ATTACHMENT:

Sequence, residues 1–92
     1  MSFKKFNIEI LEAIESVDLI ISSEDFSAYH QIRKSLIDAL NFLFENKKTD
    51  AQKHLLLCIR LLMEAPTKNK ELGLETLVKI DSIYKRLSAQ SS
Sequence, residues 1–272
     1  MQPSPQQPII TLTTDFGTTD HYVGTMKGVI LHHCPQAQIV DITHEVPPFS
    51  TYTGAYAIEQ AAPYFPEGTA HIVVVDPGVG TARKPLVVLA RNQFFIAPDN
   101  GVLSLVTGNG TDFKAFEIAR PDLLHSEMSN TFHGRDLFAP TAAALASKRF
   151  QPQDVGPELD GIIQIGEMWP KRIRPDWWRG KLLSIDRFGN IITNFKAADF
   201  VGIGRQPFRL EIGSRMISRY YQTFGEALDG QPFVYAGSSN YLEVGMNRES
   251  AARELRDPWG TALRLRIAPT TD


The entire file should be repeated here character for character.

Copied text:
Sequence, residues 1–92
     1  MSFKKFNIEI LEAIESVDLI ISSEDFSAYH QIRKSLIDAL NFLFENKKTD
    51  AQKHLLLCIR LLMEAPTKNK ELGLETLVKI DSIYKRLSAQ SS
Sequence, residues 1–272
     1  MQPSPQQPII TLTTDFGTTD HYVGTMKGVI LHHCPQAQIV DITHEVPPFS
    51  TYTGAYAIEQ AAPYFPEGTA HIVVVDPGVG TARKPLVVLA RNQFFIAPDN
   101  GVLSLVTGNG TDFKAFEIAR PDLLHSEMSN TFHGRDLFAP TAAALASKRF
   151  QPQDVGPELD GIIQIGEMWP KRIRPDWWRG KLLSIDRFGN IITNFKAADF
   201  VGIGRQPFRL EIGSRMISRY YQTFGEALDG QPFVYAGSSN YLEVGMNRES
   251  AARELRDPWG TALRLRIAPT TD